Nina Wu has written her second blog post: “My brother’s and my life.” Read it and share her pain. Thanks again to our anonymous translator, we have the whole thing in English below. Among other things, she describes a stolen laptop, the circumstances of which sound rather fishy.
My brother’s and my life
March 30, 2006
When I got up today my eyes were swollen into two big walnuts. I had to wear sunglasses out. Luckily, it was bright outside, and the sun felt good on my body. I squinted and looked at the sky. The Beijing sky is much worse than Shanghai’s, but I remembered how I used to rise early and return late. When did I last have time to look up at the sky? I shouldn’t be too demanding. There was a din along Dawang road where the old houses were being demolished. Remembering the innumerable times my little brother walked among the noisy mass of people, I felt close to him again. I greedily looked over every street peddler, every pile of rubble. Brother, are you lucky enough to see this bright and beautiful day? Do you know that your sister is walking on the same street you walked on so many times before? When I thought that he may be locked in a dark room, without any view or news of the outside world, my mood darkened too.
My notebook computer
In the afternoon, I dialed the phone number I had dialed so many times before. This time, I finally learned that it was the criminal investigation division of the Shanghai Public Security Bureau. It was the same woman who I spoke to the first time, but her tone of voice was much different from before. This time she said that I needed to wait for further notification. Thinking back on the experience of
losing my laptop, it was difficult to believe. In the afternoon on March 8, International Women’s Day, as I came out of a security and commerce meeting in the International Convention Center, I decided to buy some fruit for my daughter in Lotus Supercenter in Zhengda Squre.
In the few seconds when I stooped to collect my oranges, the shopping cart next to me had disappeared. The laptop and clothes had disappeared too, without a trace, having evaporated into the crowd.
There was no one near me, and I immediately asked the store clerk behind me whether she had seen anyone pushing away my shopping cart.
She shook her head. A few minutes later, I explained the situation to the supermarket guards, asking them to help me search, and I also went to the customer service desk to report the situation. After searching the first floor of the supermarket, I was back where I started. The clerk had already left, and just a few steps from where I lost my cart I discovered my shopping cart. The clothes were still there, but my HP notebook had disappeared. It seemed like this experience was going to come to a close after filling out a report in the Lujiazui police station. But that wasn’t the case. On March 22, the second day after I returned to Shanghai, I received a call from the police officer above, telling me that my computer may have been found, but I needed to tell them the serial number to prove that it was my own. I told her that the back of my computer had the company’s product registration number. You could even just plug in the computer and check whether the login name was mine or not. The female officer could only tell me that my computer may have been found by a public security bureau outside the city, but I needed to offer proof. I was overjoyed, and went to some trouble to find the serial number to tell her, but I heard nothing else after that. Every time I dialed the number, men answered. None of them knew of my case, and none would tell me which department they were from.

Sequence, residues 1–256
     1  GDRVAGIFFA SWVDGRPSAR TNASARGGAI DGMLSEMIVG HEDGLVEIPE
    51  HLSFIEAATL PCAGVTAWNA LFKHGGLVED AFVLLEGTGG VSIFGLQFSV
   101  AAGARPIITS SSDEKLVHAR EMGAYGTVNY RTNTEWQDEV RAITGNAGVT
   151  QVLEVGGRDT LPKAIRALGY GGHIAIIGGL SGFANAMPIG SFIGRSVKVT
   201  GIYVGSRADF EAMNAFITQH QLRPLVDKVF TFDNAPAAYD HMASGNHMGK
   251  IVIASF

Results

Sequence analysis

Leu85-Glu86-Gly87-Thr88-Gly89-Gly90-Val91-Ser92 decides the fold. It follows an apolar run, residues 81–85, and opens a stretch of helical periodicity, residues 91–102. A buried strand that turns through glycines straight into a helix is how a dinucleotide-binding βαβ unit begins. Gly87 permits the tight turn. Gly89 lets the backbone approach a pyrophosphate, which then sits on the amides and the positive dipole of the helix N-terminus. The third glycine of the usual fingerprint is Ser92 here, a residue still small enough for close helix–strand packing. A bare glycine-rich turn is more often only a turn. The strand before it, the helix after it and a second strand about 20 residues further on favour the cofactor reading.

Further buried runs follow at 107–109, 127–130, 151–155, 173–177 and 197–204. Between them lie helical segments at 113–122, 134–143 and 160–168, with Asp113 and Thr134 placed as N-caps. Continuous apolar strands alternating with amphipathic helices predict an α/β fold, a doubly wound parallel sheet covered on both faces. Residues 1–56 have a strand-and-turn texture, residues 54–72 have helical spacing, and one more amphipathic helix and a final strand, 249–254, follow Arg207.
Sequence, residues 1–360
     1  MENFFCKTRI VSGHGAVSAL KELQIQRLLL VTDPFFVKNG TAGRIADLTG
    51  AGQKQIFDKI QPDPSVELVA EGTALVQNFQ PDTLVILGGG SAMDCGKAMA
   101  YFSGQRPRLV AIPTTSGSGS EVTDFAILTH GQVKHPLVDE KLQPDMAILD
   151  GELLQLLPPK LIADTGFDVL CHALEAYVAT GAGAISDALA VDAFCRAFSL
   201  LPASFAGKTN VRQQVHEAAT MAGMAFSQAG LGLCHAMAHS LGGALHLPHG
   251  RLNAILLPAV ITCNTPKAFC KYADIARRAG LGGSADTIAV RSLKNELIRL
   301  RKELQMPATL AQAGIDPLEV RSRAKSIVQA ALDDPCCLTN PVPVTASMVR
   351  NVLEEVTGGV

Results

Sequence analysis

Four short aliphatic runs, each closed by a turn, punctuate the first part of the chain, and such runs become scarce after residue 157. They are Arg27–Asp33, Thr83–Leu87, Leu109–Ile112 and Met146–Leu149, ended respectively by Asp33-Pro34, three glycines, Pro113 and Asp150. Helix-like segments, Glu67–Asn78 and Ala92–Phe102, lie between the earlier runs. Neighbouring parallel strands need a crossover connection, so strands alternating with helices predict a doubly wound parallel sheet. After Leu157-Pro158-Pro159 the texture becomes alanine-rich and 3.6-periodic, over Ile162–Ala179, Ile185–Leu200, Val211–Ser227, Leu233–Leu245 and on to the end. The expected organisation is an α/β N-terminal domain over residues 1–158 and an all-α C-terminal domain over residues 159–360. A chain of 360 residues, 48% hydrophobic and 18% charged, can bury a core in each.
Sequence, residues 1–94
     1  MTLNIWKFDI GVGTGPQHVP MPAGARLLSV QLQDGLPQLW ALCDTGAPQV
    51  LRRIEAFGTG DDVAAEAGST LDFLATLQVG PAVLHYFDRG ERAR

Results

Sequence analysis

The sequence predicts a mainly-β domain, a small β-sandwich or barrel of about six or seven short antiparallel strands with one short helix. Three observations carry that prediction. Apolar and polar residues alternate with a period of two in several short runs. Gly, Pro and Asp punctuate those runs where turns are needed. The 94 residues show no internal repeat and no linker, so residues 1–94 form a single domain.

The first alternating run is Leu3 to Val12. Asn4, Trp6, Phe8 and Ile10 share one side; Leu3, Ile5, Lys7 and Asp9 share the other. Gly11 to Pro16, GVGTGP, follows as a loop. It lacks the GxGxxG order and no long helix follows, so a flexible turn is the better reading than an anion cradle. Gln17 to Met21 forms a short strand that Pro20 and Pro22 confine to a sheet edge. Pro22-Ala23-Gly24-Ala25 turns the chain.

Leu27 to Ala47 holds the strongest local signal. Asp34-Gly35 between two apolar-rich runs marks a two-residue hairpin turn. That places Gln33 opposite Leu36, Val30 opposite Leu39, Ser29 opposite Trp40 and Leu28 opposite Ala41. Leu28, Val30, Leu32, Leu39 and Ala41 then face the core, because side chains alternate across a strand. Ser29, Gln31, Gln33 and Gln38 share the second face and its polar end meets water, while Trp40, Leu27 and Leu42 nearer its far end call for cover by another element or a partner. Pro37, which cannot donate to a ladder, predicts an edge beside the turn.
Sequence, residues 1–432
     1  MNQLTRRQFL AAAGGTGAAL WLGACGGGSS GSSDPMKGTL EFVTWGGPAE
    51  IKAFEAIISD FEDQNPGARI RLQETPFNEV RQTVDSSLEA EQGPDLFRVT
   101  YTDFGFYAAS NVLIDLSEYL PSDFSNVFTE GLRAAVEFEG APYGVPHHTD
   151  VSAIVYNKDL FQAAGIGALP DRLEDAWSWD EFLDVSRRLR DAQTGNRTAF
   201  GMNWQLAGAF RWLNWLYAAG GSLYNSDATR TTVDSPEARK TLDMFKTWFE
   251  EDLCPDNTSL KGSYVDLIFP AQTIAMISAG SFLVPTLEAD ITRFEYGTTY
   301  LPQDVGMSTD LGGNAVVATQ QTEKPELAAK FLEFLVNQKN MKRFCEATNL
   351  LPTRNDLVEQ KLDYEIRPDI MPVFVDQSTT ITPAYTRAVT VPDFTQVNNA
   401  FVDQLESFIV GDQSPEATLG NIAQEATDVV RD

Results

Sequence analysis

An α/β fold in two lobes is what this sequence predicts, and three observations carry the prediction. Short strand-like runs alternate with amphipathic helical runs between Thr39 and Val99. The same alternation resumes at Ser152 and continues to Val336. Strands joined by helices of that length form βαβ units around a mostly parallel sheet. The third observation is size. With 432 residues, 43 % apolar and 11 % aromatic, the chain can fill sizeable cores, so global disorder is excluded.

While eating dinner in a restaurant with a friend, I heard an old song that expressed my feelings. It basically said: thinking of yesterday from here, my heart silently hopes that you’ll suddenly appear in front of me… Thinking of past business trips to Beijing, when I would try to have a meal with my brother, sometimes with friends and sometimes just the two of us. Now I could not have the extravagant hope that he would appear at the dinner table. That scene of wild laughter and debate would not appear. It was also hard for me to find that happy feeling of being a youthful woman again. I sighed, and my friend patted my shoulder. Everyone already knows that a tranquil life is so far from me now.
A father forever
Worried about my father, that night I decided to call our family home.
Both my father’s and my brother’s birthdays are in April. Despite our parents’ claims that our kindly feelings were enough, my brother would never forget any of our birthdays. If my brother didn’t call at the right time, or my parents couldn’t offer him birthday wishes over the phone, and my lies will no longer be tenable. Worrying about how my parents’ ill bodies would deal with that blow, I absentmindedly wondered what to do. Fortunately I hadn’t told my parents that I was in Beijing. Otherwise, I would certainly be subject to their questions about Haozi’s situation.
The apartment telephone, which hadn’t been used in a long time, rang.
It was New York Public Television. They wanted to show one of my brother’s movies, Beijing or Bust, but they could not reach him. I told them to read the paper or the Internet to hear what had happened.
I already lack the power to tell my brother’s story again.
Why does fate torture people? It suddenly plucked my brother from his life, and made me live in his apartment, meet his friends, read his books, and listen to his CDs. I have felt every breath of his past life, but I can’t be by his side. I deal with inquiries about his life by myself. I can’t be the core of my brother’s life. I’m too tired; let my brother come home again. Please let his life continue.